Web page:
Pharmacy students wearing glucose monitors

Recently, several pharmacy students had the opportunity to wear glucose monitors for their elective course, Diabetes Experience.

Pharmacy students wear glucose monitors for elective course

It’s important for pharmacists to understand the technology they dispense to their patients. Pharmacists need to be able to answer the questions their patients bring up, or at least direct them to the right resource. Connecting with patients on a human level requires empathy.

Concordia University Wisconsin’s School of Pharmacy students recently participated in an exercise of both technological skill and empathy. Dr. Beth Buckley teaches a course on diabetes experience, where she required her students to wear two continuous glucose monitors in order to learn the technology, collect and analyze data, and build their empathy. Read more about it below.

Note: Dr. Buckley’s responses are typed in italics.

What is the purpose of this experience?

We wanted to incorporate the use of continuous glucose monitoring (CGM) technology within the one-credit Diabetes Experience Elective course. Our students had the opportunity to experience the sensors themselves. They wore the sensors for up to two weeks, collected ongoing, real-time data from them, and then interpreted that data in order to improve their own food choices, exercise, and goal-setting.

One of the most important concepts students learned was how to interpret and assess glucose monitor technology. Additionally, they learned to troubleshoot and how to make real-time recommendations regarding different aspect of diabetes care (diet, exercise, medication, patient education).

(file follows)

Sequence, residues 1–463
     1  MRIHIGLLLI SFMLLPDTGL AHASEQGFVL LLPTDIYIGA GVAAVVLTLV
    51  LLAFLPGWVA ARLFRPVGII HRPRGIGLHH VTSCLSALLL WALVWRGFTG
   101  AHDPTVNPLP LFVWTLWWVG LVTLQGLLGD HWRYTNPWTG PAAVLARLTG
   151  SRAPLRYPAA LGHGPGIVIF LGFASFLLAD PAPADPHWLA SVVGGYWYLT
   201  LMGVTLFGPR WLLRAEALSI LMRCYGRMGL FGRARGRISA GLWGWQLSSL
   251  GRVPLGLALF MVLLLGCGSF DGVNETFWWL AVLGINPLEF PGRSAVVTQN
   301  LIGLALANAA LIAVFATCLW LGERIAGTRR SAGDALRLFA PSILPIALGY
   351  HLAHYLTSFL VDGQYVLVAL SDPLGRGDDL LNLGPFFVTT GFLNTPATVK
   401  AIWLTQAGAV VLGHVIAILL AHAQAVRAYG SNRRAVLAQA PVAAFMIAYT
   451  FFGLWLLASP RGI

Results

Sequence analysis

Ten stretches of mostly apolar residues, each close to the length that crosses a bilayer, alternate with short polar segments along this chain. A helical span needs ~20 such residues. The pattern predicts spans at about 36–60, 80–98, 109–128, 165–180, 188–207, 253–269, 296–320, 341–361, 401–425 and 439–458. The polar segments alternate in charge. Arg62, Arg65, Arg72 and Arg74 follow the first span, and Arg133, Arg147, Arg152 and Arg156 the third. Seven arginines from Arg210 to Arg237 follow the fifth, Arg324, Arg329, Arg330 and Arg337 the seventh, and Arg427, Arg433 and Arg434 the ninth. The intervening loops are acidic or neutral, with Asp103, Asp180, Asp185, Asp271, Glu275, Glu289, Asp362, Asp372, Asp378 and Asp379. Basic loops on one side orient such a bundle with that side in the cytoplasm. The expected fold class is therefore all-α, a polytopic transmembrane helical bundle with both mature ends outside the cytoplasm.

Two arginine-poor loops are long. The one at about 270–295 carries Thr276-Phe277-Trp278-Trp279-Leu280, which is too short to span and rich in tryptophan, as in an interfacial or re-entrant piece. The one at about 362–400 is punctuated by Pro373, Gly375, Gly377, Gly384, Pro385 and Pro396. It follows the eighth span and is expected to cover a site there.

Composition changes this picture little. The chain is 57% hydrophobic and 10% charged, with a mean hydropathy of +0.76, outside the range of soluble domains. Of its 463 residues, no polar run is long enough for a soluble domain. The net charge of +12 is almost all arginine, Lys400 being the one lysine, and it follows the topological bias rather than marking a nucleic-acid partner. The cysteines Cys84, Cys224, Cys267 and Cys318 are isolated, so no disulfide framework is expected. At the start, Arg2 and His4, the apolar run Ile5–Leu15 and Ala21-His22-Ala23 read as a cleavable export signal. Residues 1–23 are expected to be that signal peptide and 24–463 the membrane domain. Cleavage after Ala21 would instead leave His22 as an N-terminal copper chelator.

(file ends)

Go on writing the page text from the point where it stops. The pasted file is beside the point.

What’s the purpose of this course?

The Diabetes Experience one-credit course helps expand the third-year pharmacy student’s knowledge base. Also, students will build empathy and grow in their ability to effectively work with diabetes patients. This course provides hands-on learning and personal experiences with the cornerstones of diabetes management. It’s an advanced course, so these advanced clinical skills go above and beyond what is included in the curriculum. This valuable experience sets Concordia apart from other programs.


Why is this especially helpful for pharmacy students?

This education not only benefits our students, but beyond. As our students join the workforce with this advanced skillset, they’ll get to train others in the pharmacy profession at large. Their future patients will reap the benefits as well.

Practicing using glucose monitors bridges a gap

Additionally, pharmacy students need to individualize the technology they prescribe their patients. This means considering the patient’s needs, desires, skill level, and the availability of devices. Continuous glucose monitors are available through the pharmacy. But, most pharmacists don’t have the opportunity to learn about these glucose monitors during pharmacy school. This course and specifically, this experience, helps to bridge that gap.

In order for pharmacists to comply with this standard, they’ll need to know how to assess and trouble shoot the use of CGM technology. Technology is best learned through personal, hands-on use. Simply reading about the sensors, readers, and reports doesn’t allow the same depth of knowledge that comes from hands-on use.


What made it possible for you to provide this opportunity for your students?

An internal grant focused on innovation and research within the School of Pharmacy, made this possible. The sensors are expensive, so this isn’t usually a part of student learning in pharmacy school. Concordia is able to provide this advanced level of innovation and skill level attainment to our pharmacy students due to the generosity of donations.


Do you want to know more?

Are you interested in learning more about Concordia University Wisconsin’s School of Pharmacy?  Visit us here.


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